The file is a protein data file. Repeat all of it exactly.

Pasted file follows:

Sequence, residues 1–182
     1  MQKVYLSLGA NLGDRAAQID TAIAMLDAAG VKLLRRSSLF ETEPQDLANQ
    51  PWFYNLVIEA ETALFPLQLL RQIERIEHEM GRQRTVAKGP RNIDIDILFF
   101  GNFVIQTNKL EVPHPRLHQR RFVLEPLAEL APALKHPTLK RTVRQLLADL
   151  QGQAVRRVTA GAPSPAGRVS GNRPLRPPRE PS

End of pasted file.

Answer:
Sequence, residues 1–182
     1  MQKVYLSLGA NLGDRAAQID TAIAMLDAAG VKLLRRSSLF ETEPQDLANQ
    51  PWFYNLVIEA ETALFPLQLL RQIERIEHEM GRQRTVAKGP RNIDIDILFF
   101  GNFVIQTNKL EVPHPRLHQR RFVLEPLAEL APALKHPTLK RTVRQLLADL
   151  QGQAVRRVTA GAPSPAGRVS GNRPLRPPRE PS